By Sarah Labadie, Associate Director of Policy, Women Employed
June 9, 2022
We’ve all been there. An unexpected life event occurs — a parent falls ill, a family member needs medical attention, or we have an accident that puts us out of commission — and we need time off from work. Some of us are lucky enough to have caring bosses and employers that build in paid time off for these types of events. But for many workers, mainly working low-paid jobs, paid leave is not an option.
America is the only developed nation in the world that does not guarantee workers paid leave. But we don’t have to live this way. Many states across the country are working to ensure this essential right for workers.
I just arrived back from Delaware, where the state legislature passed a paid leave law that creates a statewide paid family and medical leave insurance program, becoming the 11th state to enact this important measure. We were also celebrating a similar win in Maryland.
These laws offer eligible workers up to 12 weeks of paid leave to address their own serious health condition, care for a family member with a serious health condition, bond and care for a new child, or address the impact of a family member’s military deployment.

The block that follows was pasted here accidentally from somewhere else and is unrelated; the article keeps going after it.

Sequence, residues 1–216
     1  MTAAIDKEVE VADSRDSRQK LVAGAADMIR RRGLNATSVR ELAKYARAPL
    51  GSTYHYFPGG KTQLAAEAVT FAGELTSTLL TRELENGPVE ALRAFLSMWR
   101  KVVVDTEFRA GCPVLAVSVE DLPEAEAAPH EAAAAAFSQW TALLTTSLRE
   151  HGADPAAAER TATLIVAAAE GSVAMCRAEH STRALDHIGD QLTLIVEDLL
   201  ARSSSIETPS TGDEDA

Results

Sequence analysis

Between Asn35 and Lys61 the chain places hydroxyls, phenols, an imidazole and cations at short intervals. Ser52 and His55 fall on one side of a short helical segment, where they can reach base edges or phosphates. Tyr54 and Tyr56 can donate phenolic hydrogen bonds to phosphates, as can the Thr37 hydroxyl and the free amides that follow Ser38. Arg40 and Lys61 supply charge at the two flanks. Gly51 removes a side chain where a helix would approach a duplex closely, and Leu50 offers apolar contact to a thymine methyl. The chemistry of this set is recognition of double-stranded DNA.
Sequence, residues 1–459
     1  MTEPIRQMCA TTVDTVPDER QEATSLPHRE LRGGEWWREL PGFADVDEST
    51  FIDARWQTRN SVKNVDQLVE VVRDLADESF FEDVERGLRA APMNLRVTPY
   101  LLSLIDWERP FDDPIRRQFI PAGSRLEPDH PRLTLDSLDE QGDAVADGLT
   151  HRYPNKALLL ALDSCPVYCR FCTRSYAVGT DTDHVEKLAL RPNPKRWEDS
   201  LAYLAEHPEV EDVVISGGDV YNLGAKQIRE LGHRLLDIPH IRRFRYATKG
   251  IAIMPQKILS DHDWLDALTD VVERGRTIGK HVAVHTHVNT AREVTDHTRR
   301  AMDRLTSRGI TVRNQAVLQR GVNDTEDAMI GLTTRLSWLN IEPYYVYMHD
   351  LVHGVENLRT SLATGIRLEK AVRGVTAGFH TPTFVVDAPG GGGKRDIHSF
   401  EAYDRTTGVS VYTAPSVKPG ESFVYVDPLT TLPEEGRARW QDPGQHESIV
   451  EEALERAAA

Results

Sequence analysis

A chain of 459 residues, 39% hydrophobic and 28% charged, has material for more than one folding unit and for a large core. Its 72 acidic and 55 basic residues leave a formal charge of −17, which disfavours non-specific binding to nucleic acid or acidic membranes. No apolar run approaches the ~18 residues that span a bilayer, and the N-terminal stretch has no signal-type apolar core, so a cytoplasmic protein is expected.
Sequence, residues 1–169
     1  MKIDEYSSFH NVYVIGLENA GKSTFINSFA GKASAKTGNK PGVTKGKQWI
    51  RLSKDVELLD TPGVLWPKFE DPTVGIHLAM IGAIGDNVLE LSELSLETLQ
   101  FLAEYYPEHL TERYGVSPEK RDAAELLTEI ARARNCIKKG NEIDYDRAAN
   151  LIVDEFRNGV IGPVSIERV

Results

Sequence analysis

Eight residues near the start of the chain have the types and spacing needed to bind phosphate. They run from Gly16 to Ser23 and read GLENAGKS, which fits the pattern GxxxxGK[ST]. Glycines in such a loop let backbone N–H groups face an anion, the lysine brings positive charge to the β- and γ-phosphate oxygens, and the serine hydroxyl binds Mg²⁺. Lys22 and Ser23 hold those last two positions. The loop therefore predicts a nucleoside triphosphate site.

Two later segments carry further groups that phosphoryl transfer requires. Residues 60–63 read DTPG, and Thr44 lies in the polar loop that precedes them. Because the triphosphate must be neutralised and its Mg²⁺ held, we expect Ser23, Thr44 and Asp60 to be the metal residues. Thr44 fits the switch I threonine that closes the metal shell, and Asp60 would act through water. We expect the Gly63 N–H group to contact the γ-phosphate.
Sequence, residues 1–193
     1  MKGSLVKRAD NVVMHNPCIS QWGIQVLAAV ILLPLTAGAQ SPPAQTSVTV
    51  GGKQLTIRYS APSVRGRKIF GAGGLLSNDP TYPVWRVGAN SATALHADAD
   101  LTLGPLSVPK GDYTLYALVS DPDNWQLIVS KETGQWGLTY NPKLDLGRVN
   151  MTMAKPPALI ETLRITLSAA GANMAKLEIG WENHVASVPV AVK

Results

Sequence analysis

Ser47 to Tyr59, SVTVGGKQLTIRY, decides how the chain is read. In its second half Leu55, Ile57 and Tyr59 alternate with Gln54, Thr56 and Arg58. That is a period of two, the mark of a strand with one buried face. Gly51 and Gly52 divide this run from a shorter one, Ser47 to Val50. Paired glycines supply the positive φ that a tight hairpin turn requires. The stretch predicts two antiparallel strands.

In other words, workers in the 11 mainly coastal states that have enacted paid family and medical leave laws do not have to worry about missing paychecks or losing their jobs if they are faced with an unexpected life event.
There are no Midwestern states that have enacted a statewide paid leave law — yet. Illinois can and should be that state.
Illinois often leads the Midwest in passing laws protecting workers’ rights and civil rights. From increasing the minimum wage to $15 an hour statewide to ensuring pregnant workers can continue working safely through their pregnancy, Illinois has responded to the needs of working people. Ensuring paid leave for all of our state’s workers should be on our list.
Given the impact of the pandemic on the workforce, now is the time. The pandemic has created an even wider gap between low-paid workers and the rest of the workforce.
According to the recently issued Illinois Future of Work Task Force Report: Illinois continues to recover from the COVID-19 pandemic, but recovery has been uneven. As of April, unemployment is down to 4.6 percent in Illinois, but that number is much higher for Black men and women (13.4 percent and 11.4 percent) compared to other groups, illustrating ongoing challenges with equity and job access.
At Women Employed, WE are helping to lead the charge for paid leave in Illinois with our Paid Family and Medical Leave Coalition, working with partners and advocates to make Illinois the 12th state to create a paid family and medical leave program.
Every single person experiences a life event that requires time away from work. Paid leave shouldn’t be the luck of the draw — it should be the law of the land.
Have you ever been forced to come back to work too soon after welcoming a child? Have you had to choose between caring for yourself or a sick family member or earning a paycheck? We’d love to hear from you! If you’d be willing to share your story, please visit womenemployed.org/share-your-story and fill out our form, or comment below, and we’ll contact you to learn more!